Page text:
Because they train in many areas, family physicians are qualified to care for patients of all ages. This means your child would be able to see the same doctor from birth through adulthood. It also means that all members of your family can receive their primary care from the same doctor. A family physician will know the medical histories of all family members and may also be more aware of the emotional and social issues within your family.
When seeking a family physician, be sure to ask about age policies — some see only a few kids or don't see children younger than a certain age.
Pediatric Nurse Practitioner
A pediatric nurse practitioner (PNP) has earned a master's degree in nursing and can take medical histories, perform physical examinations on children, make medical diagnoses, write prescriptions, and provide counseling and treatment. Like pediatricians, PNPs may specialize in a particular area, such as neurology or endocrinology. PNPs work closely with doctors in hospitals, clinics, and private practices.
Some parents might hesitate to choose a PNP, possibly worrying that the PNP is less extensively trained in children's health care. These feelings are largely unwarranted. The presence of PNPs in the practice can have many advantages. Parents often find that PNPs spend more time with them than doctors discussing health and child care issues. Plus, if a PNP encounters a more complex medical problem, he or she is trained to consult the doctor.
Still, if you want to see only the doctor or feel the doctor should be consulted after the PNP has seen your child, most practices will honor your request.
When and How to Start Looking
Your search for a health care provider should begin well before your baby's due date. Babies often come early and you'll want to be sure you've found someone whose style and personality work with your own.
A good time to begin your search is about 3 months before the baby is expected. If you're in a managed health care plan, your choice of participating doctors who provide primary care for children may be limited, so be sure to check the plan's online list (paper lists get outdated quickly).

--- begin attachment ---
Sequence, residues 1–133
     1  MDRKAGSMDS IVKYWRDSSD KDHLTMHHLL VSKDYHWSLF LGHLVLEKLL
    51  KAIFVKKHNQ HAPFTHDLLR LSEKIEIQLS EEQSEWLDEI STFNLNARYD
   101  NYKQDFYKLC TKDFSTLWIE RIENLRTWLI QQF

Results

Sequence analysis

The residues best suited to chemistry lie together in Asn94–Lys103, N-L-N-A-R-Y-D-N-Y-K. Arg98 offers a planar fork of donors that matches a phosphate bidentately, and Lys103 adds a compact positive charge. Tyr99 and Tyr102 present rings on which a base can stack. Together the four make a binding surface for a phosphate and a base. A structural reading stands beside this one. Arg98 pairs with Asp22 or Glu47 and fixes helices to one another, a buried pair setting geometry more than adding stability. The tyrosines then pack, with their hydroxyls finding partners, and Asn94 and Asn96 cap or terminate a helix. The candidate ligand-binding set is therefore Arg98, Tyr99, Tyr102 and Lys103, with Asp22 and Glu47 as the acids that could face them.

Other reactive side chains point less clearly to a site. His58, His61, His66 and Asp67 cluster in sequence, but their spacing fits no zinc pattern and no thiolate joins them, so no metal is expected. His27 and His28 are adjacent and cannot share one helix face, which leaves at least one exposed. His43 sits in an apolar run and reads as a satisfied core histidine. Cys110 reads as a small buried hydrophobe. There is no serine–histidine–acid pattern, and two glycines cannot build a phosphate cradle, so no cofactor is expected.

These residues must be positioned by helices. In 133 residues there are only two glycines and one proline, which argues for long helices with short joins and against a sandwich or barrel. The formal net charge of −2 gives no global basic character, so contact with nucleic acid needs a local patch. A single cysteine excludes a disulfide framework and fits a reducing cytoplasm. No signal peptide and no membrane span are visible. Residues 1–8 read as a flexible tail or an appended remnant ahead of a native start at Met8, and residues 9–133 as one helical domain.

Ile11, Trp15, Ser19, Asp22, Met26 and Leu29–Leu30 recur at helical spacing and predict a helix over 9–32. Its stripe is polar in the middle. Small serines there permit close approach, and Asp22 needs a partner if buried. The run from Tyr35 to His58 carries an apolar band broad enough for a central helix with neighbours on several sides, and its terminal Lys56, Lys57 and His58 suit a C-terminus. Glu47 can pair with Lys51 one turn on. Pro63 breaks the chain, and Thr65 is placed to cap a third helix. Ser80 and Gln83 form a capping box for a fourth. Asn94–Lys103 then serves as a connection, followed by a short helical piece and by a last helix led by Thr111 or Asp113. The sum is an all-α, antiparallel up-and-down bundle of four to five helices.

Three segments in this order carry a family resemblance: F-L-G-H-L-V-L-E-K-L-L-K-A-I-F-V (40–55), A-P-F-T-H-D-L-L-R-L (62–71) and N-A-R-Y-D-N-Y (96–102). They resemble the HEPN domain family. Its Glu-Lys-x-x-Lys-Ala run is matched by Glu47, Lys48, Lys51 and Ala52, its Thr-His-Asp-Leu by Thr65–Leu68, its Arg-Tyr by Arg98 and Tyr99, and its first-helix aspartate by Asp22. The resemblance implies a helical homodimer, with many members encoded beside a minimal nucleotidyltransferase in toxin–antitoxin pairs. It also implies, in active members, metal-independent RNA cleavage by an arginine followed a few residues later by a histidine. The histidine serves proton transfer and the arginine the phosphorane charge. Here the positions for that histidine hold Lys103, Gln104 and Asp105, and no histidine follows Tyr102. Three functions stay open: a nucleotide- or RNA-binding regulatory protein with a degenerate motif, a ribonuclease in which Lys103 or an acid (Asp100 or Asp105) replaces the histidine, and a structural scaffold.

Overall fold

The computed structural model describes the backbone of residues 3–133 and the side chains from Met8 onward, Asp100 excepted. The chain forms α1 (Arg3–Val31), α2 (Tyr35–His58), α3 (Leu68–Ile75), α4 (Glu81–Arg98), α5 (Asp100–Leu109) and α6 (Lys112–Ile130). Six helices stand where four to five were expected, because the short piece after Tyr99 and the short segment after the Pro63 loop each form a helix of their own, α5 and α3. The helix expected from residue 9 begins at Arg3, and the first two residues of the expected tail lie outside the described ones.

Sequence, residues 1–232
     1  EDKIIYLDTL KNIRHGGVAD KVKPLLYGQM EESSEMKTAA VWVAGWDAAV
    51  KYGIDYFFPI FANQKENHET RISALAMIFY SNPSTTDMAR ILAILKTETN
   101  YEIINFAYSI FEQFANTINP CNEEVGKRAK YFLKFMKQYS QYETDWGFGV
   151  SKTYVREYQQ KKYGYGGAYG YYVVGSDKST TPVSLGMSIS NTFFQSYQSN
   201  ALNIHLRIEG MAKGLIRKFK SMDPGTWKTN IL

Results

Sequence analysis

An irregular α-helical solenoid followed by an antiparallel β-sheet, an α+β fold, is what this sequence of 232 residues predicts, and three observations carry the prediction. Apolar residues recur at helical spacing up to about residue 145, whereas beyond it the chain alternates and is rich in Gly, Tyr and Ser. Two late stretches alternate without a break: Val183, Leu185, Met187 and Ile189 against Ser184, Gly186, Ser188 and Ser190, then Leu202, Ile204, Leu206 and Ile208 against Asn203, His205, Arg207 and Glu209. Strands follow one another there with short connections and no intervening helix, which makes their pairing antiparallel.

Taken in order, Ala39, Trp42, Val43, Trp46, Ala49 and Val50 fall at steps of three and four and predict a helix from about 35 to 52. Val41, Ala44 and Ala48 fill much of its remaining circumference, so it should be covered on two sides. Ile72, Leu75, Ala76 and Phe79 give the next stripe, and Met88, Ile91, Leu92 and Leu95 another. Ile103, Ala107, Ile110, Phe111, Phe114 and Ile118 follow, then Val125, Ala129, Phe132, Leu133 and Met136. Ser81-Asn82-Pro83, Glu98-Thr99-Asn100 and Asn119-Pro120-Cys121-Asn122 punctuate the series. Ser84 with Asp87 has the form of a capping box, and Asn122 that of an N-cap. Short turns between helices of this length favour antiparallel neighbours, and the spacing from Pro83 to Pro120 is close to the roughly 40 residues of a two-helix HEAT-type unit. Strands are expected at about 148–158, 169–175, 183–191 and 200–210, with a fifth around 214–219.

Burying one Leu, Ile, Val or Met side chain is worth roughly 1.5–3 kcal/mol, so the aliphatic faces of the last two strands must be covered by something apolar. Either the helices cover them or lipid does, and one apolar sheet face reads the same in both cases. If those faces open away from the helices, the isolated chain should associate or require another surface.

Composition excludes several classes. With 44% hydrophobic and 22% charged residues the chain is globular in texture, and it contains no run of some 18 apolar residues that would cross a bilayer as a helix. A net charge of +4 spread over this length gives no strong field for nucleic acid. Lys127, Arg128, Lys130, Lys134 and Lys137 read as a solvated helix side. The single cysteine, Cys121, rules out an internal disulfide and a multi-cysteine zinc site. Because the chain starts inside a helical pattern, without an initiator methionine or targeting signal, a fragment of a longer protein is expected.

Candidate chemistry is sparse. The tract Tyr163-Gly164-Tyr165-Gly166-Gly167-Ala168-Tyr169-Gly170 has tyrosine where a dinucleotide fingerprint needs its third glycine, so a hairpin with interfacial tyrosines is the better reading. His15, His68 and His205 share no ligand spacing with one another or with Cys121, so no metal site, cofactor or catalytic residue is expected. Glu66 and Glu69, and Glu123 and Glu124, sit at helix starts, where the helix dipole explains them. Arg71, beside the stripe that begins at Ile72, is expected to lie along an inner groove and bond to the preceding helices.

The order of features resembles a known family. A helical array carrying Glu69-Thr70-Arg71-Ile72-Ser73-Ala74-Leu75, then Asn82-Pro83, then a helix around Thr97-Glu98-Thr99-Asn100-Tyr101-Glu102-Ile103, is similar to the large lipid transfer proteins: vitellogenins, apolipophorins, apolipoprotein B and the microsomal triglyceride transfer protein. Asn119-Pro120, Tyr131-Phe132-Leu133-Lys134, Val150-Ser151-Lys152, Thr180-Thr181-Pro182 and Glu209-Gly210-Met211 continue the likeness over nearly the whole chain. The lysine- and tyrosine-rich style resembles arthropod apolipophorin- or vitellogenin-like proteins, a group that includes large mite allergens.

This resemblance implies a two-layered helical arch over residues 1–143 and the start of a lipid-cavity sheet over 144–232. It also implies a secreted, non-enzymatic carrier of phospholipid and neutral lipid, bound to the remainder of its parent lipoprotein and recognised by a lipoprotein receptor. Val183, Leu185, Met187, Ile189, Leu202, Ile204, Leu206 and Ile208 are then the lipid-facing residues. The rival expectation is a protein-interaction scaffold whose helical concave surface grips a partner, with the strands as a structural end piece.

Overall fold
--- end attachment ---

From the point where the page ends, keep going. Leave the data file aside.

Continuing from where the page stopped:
If you have questions about whether a provider participates in your plan or if you're interested in a doctor who isn't on the list, call the health plan directly. Also call if your child has any special medical needs that would require an out-of-network doctor.
Once you know the limits of your health plan, compile a list of candidates from people you trust — your relatives, friends, neighbors, and coworkers who share your parenting philosophies. Your doctor, obstetrician, or nurse-midwife can also be a good source for recommendations.
If you've recently moved to a new area, you may not have personal or social connections established to ask for referrals. In this case, consider contacting area hospitals or medical schools for recommendations or ask the pediatric residents or nurses where they take their kids.
You also can request a list of board-certified pediatricians from the American Academy of Pediatrics (AAP) and board-certified family physicians from the American Academy of Family Physicians (AAFP). Local hospital "nurse line" referral services, the local medical society office, medical directories in public libraries, and the yellow pages also can be helpful.
Once you have some recommendations, check them out more thoroughly. In each state, a medical board investigates complaints against doctors and may take disciplinary action, ranging from citing a doctor for nonpayment of certain administrative fees to suspending or revoking his or her license for criminal behavior.
Disciplinary action is rare but, fortunately, very easy for parents to uncover. In most states, the information is public and is posted by state medical boards on their websites.
Now you're ready to begin the interview process. Considering that this doctor will be the first to treat your baby, you'll want to be sure that you're comfortable with the doctor's personality, office staff, location, and environment. A prenatal appointment is an excellent opportunity for parents to ask questions and get acquainted with the office staff.
During the interview, you should find out how the practice works by asking:
- What are the office hours? Flexibility of the doctor's schedule may be a concern, especially if you work outside the home; you may prefer a doctor who offers weekend and evening hours.
- Is this a solo or group practice? If it's a solo practice and your doctor is not available on weekends or evenings, what are the coverage arrangements? If it's a group practice, ask about the qualifications of the other doctors in the office. Who will see your child if your doctor is on vacation or otherwise unavailable?
- Does a PNP work in the office? How does he or she fit into the practice arrangement?
- Which hospitals is your doctor affiliated with? Will your doctor come to the hospital when you deliver to examine the baby? If your baby needs to be hospitalized, who will provide care there?